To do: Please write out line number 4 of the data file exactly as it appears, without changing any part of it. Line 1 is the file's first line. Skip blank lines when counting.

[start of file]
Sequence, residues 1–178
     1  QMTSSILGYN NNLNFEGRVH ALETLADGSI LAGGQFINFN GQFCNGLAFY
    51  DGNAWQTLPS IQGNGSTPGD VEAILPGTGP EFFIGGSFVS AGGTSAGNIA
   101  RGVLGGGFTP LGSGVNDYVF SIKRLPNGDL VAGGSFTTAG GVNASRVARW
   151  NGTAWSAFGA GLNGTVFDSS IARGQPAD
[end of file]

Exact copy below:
   101  RGVLGGGFTP LGSGVNDYVF SIKRLPNGDL VAGGSFTTAG GVNASRVARW